The book itself is soapier than I would usually enjoy, but coming from the creator of Downton Abbey it’s highly entertaining and filled with historical details. At this point if you buy it I think you’ll get all eleven chapters at once, and if you don’t like eBooks, the print version will be published in early July. The book “opens on the eve of the Battle of Waterloo, 15th June 1815, when the Duchess of Richmond threw a magnificent ball in Brussels for the Duke of Wellington.” From this real event, Fellowes spins a tale of love and betrayal, social aspiration and accomplishment. History and social commentary are the backdrop, but Fellowes’ characters are fictional, and in many ways very modern.

The main characters are the family of a self-made man who made his mark as Wellington’s supplier during the wars with Napoleon and went on to build great houses in London, and the family of his daughter’s love interest, aristocrats whose son was killed at Waterloo. There is plenty of family and social drama, and just plain human nature, and I enjoyed it as a pleasant diversion. I’d love to see a Masterpiece adaptation.

But reading Belgravia affirmed that I don’t love eBooks — I really didn’t even find the “bonus” features like links to information or photos all that engaging. I’m a narrative fan, and I don’t want to “binge” episodes, I want to read an entire novel at whatever speed I choose. But, that’s me. I’m all in favor of reading choices. If serialized fiction engages readers who otherwise don’t believe they have the time or attention span to read a novel, I hope the trend grows. But I’m hoping the print edition of Belgravia does even better than the serialized app, and that publishers use this trend as a hook, but continue to provide those who like to savor rather than binge with novels-in-full, in all formats, including print.

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Ok, for those of you who’ve followed along with my can-I-or-can’t-I finish Infinite Jest: I can’t. I tried. I made it to page 500 something. But I have a Kirkus assignment, a tall to-be-read pile, and a book I put in a purchase request for waiting at the library, and also it was slowly dawning on me that even if I persevered to the end, I was not going to “find out what happens.” What seemed interesting and fascinating in the first few hundred pages began to wear me down.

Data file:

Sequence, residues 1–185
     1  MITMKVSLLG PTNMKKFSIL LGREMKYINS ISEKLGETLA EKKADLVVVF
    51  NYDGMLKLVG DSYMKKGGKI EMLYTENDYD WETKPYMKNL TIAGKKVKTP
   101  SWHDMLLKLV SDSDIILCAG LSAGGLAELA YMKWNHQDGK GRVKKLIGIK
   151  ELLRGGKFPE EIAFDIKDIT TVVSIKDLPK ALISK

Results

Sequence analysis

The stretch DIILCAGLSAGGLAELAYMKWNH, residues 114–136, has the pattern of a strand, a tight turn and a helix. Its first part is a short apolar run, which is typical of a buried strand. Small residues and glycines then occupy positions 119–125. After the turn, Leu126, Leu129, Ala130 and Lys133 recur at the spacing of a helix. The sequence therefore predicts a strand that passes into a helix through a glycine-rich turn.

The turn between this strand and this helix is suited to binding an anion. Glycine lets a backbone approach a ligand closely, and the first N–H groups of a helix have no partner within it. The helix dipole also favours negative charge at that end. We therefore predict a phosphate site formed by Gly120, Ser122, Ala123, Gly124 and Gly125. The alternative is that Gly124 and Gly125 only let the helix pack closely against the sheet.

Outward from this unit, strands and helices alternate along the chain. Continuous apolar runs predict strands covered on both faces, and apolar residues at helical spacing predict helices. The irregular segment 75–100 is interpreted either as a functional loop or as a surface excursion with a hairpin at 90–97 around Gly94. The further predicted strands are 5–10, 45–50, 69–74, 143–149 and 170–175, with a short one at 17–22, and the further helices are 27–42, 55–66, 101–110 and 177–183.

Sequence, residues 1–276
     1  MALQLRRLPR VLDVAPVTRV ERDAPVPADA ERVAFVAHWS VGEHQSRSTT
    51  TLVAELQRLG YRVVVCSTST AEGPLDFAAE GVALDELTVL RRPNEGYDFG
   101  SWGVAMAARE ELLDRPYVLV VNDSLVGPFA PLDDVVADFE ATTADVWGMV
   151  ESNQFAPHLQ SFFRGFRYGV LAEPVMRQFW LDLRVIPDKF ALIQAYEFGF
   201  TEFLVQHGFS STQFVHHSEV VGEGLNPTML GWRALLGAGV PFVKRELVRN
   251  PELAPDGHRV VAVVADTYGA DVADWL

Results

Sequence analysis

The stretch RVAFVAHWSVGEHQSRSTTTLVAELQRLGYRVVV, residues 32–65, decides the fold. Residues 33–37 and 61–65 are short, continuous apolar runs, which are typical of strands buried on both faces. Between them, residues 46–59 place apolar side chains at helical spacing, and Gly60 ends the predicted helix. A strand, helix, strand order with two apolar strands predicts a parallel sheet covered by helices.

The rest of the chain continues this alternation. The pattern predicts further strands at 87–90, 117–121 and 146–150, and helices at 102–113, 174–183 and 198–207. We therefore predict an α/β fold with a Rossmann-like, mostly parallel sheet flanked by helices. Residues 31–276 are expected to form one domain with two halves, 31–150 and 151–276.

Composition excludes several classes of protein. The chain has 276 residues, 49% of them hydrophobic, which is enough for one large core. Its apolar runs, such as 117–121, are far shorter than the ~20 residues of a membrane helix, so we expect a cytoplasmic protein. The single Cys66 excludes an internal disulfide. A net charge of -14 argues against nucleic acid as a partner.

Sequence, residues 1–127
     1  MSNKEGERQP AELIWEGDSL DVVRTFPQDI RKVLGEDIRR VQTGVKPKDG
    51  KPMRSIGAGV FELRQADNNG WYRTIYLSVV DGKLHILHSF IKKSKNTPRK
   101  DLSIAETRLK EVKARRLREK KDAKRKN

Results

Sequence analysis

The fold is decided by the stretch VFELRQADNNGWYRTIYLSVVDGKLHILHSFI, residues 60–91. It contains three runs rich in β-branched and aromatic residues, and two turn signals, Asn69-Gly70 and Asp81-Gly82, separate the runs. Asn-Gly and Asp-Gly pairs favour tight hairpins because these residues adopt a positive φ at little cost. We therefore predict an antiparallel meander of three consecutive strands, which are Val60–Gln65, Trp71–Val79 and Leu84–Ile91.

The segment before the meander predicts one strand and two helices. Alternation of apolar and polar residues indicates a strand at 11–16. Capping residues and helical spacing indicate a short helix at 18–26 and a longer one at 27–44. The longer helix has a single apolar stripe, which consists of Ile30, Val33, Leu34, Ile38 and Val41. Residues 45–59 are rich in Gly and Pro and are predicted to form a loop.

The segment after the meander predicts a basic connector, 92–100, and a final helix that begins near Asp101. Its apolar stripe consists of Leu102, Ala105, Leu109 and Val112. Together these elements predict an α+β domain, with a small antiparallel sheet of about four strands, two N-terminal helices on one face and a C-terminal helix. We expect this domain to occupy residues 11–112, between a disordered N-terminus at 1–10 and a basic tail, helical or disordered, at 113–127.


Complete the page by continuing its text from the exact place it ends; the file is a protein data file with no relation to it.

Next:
Infinite Jest is still an interesting book. I was amazed at how prescient it seems even though it was published in the early 90’s. Sadly it doesn’t seem all that far fetched that an American administration might consider corporate sponsorship of time. And the drug addiction in the book seems pretty timely. But I was disappointed that the complex plot lines did not become clearer as I read, and I feel a little ripped off that I spent over three weeks trying to get through a novel that was ultimately impenetrable when I have so many other books I want to read.

Would I recommend anyone else try Infinite Jest? I know there are many people who think it’s brilliant. There’s a temptation with a book this out of the ordinary to believe it’s a work of genius that is just beyond the average reader. But I’m afraid I feel like any book that doesn’t reward the reader with some insight after three weeks of hard slogging is probably not a good book. It may be a creative, experimental work, it may be groundbreaking and innovative and unique, and I’m all for complexity, nonlinear narrative, unreliable narrators, etc. But I’d like, in exchange, a good story. This book didn’t give me that. And it’s fairly depressing, to boot. So I’m out.

A side note — I tried Infinite Jest as an ebook at first, and then when it was clear I couldn’t finish it by the time my Overdrive loan would expire, I placed a hold on the hard copy. I’d advise anyone trying to read this book not to bother with the ebook. If you want to try to read the footnotes — something I had limited success doing even in the paper version — it’s just completely inefficient to try to do it in the ebook.